Review Summary: If thrash metal was a religion, so this stuff was obviously not for the infidels. And, there's no place for the infidels to enjoy this blessed-creation, unless they swear to repent, re-baptize themselves, and revert to the right path of thrash soul!1 of 1 thought this review was well written
Oh really, the first crucial thing that people have to concern about I, Infidel
probably is the vocals. It's pretty fine and fair to warn people before they check out and get into this great stuff, especially for who don't like clean vocals delivery. In a glance, their vocals signature is bit reminiscent of Joey Belladonna of Anthrax. Beside its rather monotonous and boring style, it's also lack of variation with all of its super clean articulation, and sometimes it's hard to decide whether the vocalist was singing or he's just speaking and shouting within the music. Ritual Carnage's vocalist does not fit this such intense, speed, and extreme thrash music. Perhaps, if he had a bit heavier and darker vocals character just like their previous release The Birth of Tragedy
(2002), so I, Infidel
would be flawless. In the end, this such thing is debatable and arguable - every thrash metal fan has own understandable preference. Part of people love Dave Mustaine's vocals style, while another part think and argue that Dave doesn't fit that such extreme music of Megadeth. This case also prevails upon Ritual Carnage.
Musically, I, Infidel
has adopted a lot of styles from old school thrash, especially the intensity side of speed and aggressiveness. This style actually would remind people to impressive Reign In Blood
of Slayer, Schizophrenia
of Sepultura, and even Persecution Mania
of Sodom. However don't expect much for some raw side, because the production itself is pretty polished and modern. Blended and mixed minor style and influence of modern death metal, the most noteworthy aspect of this Japan-based band should be their relentless thrashy; intense, sharp, and fast paced with heavy rhythms. Oh thanks God, they don't provide any ballad track in this release. Although intro is quite common, nothing special yet, but the follow-on track, "The Perfect Strain", is so powerful and 'punchy'. Beside fast and energetic riffs, Ritual Carnage's solos are also applaudable. Despite the solos might be a bit reminiscent of many great thrash releases of 80s, but their pair guitarist trade-off awesome leads and shreds on almost every track of the album.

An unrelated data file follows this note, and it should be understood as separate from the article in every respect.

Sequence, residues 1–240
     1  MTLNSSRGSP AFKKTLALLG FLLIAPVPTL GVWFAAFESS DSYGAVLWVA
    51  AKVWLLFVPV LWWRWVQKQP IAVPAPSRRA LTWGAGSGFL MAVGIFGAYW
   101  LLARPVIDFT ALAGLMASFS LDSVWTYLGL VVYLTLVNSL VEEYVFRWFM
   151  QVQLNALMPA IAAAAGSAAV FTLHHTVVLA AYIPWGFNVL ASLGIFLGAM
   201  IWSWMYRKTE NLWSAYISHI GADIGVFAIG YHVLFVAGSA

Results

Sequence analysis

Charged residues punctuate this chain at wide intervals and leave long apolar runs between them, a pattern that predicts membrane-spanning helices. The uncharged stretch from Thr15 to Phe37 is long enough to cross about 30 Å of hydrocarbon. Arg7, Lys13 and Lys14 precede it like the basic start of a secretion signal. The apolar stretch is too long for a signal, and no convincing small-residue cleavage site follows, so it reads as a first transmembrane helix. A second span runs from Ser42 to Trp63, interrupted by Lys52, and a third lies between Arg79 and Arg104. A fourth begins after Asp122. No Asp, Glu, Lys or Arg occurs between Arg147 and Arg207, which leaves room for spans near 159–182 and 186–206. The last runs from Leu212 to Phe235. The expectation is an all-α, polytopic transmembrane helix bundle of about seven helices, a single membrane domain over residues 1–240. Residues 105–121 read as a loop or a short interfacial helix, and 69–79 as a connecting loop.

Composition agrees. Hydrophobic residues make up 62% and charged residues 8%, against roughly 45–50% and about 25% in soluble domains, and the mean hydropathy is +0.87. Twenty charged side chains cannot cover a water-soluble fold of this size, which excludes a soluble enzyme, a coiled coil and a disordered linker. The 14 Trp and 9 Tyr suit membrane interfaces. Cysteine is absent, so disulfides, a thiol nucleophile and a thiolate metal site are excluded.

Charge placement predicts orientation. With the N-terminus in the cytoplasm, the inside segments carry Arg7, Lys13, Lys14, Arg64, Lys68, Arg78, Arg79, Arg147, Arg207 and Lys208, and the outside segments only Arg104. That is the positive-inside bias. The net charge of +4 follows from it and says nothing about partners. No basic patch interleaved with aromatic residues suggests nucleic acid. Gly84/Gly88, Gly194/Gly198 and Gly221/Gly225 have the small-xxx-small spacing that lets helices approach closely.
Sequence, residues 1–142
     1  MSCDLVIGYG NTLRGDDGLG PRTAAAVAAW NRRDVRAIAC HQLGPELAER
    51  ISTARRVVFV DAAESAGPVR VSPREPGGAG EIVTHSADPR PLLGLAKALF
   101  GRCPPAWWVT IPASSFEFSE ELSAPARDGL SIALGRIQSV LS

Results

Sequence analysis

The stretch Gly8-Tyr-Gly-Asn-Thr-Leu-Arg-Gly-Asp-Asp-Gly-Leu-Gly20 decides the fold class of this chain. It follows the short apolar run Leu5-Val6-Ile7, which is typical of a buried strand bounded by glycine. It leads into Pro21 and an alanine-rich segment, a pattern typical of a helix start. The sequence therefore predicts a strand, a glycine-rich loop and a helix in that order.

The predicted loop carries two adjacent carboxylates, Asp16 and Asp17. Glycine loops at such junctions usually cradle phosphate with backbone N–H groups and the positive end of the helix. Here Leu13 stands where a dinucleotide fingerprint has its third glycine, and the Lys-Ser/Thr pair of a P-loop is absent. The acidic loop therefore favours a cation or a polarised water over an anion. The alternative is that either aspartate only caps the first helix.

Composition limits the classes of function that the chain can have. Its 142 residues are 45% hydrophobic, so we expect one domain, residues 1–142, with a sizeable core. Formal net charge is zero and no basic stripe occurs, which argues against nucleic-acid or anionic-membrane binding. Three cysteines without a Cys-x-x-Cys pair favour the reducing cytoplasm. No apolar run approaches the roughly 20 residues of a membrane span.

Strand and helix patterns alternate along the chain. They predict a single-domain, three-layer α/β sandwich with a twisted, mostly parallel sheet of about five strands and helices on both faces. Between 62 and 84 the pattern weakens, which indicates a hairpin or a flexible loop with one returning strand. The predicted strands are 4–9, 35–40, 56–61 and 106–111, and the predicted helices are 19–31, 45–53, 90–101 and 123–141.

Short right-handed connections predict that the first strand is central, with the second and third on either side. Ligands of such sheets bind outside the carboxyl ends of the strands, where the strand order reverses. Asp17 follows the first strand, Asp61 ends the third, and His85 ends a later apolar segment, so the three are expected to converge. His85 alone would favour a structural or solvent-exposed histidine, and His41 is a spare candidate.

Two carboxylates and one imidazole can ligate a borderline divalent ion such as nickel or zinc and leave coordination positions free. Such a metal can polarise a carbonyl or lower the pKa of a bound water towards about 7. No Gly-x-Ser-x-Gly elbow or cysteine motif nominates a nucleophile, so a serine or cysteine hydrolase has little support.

All track is quite linear in quality, and the most important one is linear in the side of speed and aggressiveness. The listener can find similar type/taste of "The Perfect Strain" in the other tracks such as "Axiom", "I, Infidel", "Straight To The Nether Regions", and etc. However, there is also one track with medium speed intensity that probably could be enjoyed by any other common metal lover - the track that's meant here is "Do Not Resuscitate". This track begins with some heavy and tasteful riffs, then it kicks the air and accosts the eardrums friendly with all of its groovy side. It's the only track where the vocalist obviously could 'sing' and entertain the listener with his pleasant vocalizing. Well, then about Ritual Carnage's musicianship, they're skilled and talented. The duo guitarist are able to make any thrash fan hails upon their capability. The bass player, in fact he has no space to show-off the skill, nevertheless it is pretty audible and well-mixed. Then also, the drumming is one of best aspect of this release. It's adequately solid with all ferocious beats of double-pedal delivery and nice fills here and there - this side has no any significant flaw or weakness. The drummer is pretty consistent throughout the album. Perhaps the only real question is how the drummer stands out himself, and soon he signs his own 'trademark' style. So far, as long as the drumming is well-delivered, it's real fair to praise his hard-work because, that is reasonable, indeed!
Lastly, this is true excellent release. Though it's not as grandiose as Slayer's Reign In Blood
both in songwriting composition and the side of technicality itself, but still I, Infidel
fairly varied in composition. And surely, Ritual Carnage doesn't fail to satisfy any thrash metal fan who always starves for great relentless stuff. Despite the vocals is the only side that might require some getting used to, above all I, Infidel
still does provide a solid run of music from the beginning to end. Therefore, this 35 minutes thrash is worth a listen!